Israel expands its Gaza operation into the south

On Monday, Israel began calling for people in parts of southern Gaza to evacuate again.

Israel expands its Gaza operation into the south
A convoy of tanks maneuvers near Israel's border with southern Gaza, amid the ongoing conflict between Israel and the Palestinian Islamist group Hamas, in Israel, December 4, 2023. REUTERS/Amir Cohen

The backstory: The Gaza Strip isn’t that big – just about 40 kilometers (25 miles) long, but over 2 million Palestinians live there. Many who live in Gaza were displaced from the former Palestinian state in 1948, in what they call the Nakba. We’ve previously covered humanitarian issues in Gaza even before the current conflict. It’s been described as an “open-air prison” by international organizations even before Israel began its response to Hamas’s October 7 attacks. 

As Israel has launched airstrikes at Gaza and began its ground offensive into the territory, Israeli authorities pushed for civilians to evacuate to the south, saying that Hamas’s operations were based up north. Many civilians did end up vacating their homes and finding shelter at the other end of the strip.

More recently: At this point, Israel controls most of northern Gaza. The city of Khan Younis in southern Gaza became a place of refuge for Gazans during this time, and it’s where tens of thousands of people went for safety over the past few weeks. There was just recently a brief break from the fighting during a temporary ceasefire between Hamas and Israel lasting about a week. During this pause, more Gazans evacuated to the south. Up to 80% of Gaza's population have left their homes because of the war. On Friday, the ceasefire ended, and fighting began again.

The development: On Monday, Israel began calling for people in parts of southern Gaza to evacuate again. Israel says that Hamas also has some of its operations based in southern Gaza, and it’s planning a ground invasion into the south. Officials say that some Hamas fighters also went south when Israel called for civilians to move in that direction. The current mass evacuations are starting in Khan Younis.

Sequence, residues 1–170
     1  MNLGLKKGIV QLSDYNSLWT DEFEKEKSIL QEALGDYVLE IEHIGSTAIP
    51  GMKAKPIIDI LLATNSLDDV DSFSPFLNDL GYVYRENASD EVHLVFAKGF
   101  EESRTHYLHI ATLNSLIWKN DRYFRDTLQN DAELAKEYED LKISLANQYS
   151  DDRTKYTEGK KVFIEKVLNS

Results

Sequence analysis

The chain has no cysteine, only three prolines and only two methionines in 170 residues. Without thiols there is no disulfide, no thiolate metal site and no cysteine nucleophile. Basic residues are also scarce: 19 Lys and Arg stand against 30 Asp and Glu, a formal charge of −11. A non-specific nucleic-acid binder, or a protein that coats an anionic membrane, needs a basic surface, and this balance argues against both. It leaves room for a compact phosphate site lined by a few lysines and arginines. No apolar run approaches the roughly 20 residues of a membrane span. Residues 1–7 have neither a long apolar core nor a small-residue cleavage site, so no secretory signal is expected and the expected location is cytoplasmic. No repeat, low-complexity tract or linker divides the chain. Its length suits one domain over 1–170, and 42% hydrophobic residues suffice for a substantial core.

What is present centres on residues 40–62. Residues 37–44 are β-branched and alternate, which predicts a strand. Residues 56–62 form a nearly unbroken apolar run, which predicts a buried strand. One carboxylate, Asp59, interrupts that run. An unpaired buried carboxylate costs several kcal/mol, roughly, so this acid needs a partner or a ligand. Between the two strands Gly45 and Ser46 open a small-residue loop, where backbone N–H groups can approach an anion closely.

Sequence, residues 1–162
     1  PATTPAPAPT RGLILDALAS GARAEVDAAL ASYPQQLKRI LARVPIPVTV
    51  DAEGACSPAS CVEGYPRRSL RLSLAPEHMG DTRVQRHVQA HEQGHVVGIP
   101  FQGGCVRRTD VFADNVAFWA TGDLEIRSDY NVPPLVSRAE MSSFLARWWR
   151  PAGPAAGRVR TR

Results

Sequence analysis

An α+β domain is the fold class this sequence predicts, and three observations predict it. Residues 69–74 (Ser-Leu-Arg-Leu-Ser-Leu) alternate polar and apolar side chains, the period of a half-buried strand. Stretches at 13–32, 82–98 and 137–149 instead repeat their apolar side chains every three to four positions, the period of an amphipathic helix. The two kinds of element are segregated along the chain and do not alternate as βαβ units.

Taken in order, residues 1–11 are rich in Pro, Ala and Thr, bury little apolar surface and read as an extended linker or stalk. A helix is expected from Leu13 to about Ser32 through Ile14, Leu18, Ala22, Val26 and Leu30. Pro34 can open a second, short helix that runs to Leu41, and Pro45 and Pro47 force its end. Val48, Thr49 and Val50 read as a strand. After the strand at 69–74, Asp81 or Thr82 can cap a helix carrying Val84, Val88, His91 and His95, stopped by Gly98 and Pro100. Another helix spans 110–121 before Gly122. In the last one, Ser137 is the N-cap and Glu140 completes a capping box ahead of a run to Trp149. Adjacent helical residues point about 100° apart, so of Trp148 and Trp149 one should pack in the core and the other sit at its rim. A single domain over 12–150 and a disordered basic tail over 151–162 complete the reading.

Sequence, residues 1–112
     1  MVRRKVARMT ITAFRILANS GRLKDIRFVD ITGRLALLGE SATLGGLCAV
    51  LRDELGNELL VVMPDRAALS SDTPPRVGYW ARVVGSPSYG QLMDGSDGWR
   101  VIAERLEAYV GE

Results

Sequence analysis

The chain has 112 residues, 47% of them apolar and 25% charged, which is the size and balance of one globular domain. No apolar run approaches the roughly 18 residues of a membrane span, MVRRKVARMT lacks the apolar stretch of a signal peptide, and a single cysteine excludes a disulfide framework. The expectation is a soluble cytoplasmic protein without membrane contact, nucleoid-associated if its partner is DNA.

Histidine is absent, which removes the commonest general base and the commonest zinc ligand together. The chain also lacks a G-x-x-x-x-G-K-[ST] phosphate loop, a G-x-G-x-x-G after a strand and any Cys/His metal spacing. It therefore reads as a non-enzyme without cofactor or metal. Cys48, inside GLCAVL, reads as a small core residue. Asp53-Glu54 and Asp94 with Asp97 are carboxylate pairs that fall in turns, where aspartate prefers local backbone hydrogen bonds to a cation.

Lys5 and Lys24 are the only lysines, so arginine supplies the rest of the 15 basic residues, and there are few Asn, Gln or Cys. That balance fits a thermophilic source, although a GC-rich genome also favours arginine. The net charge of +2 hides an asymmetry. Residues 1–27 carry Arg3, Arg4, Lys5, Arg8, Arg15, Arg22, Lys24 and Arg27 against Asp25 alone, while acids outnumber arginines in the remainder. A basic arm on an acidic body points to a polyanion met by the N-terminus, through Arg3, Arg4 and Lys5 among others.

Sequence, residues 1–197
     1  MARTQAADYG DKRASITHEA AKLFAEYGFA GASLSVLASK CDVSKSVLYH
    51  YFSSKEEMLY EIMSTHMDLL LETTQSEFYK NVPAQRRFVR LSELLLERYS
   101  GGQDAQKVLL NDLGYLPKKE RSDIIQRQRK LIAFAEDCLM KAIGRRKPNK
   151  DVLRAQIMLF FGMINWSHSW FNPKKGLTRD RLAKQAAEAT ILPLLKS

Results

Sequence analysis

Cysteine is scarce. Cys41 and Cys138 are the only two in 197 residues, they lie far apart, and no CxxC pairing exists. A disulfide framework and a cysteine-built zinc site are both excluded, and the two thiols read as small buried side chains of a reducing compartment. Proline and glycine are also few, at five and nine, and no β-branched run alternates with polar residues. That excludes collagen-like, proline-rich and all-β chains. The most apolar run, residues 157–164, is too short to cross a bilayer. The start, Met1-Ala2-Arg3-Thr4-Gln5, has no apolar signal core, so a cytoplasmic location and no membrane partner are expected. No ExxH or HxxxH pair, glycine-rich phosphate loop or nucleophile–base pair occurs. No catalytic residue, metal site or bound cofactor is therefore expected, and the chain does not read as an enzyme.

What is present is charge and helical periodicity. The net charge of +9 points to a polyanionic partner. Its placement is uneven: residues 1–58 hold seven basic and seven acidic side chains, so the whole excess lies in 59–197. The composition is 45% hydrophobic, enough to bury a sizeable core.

Now preparing to attack the entire region, Israel created a grid system for specific evacuation warnings, breaking up the territory into more than 600 areas. Civilians are reportedly confused by this system. Also on Monday, Israeli air strikes hit southern Gaza, including areas previously labeled safe by Israeli authorities, killing and wounding many civilians, reports say. The ground invasion has also started shifting toward the south, with troops and tanks on the move. 

Palestinians are rushing to evacuate again – but safe spaces are becoming fewer and farther between. Aid workers are also warning that this renewed evacuation will make the current humanitarian situation worse than it already is. They’ve expressed worry over the evacuation grid system, saying that it’s only available using a phone or computer and Gaza doesn’t have reliable electricity or telecom networks at the moment. Egypt is also worried that civilians will try to break through its border as safe areas become less available.

Key comments:

“Reportedly, the [safety grid] map is intended to facilitate orders to evacuate specific areas ahead of their targeting. The publication does not specify where people should evacuate to,” the UN Office for the Coordination of Humanitarian Affairs (Ocha) said in its daily briefing. “It is unclear how those residing in Gaza would access the map without electricity and amid recurrent telecommunications cuts.”

"We are beginning to expand the ground maneuver to other parts of the Strip, with one goal - to topple the Hamas terrorist group," Israeli Brigadier-General Hisham Ibrahim told Army Radio.

"All of the population that was in the north has been squeezed into the center and south of Gaza," said Sultan Barakat, a professor at the Qatar Foundation's Hamad Bin Khalifa University. "If Israel goes on the same way they started the war, it's going to be a horrific disaster."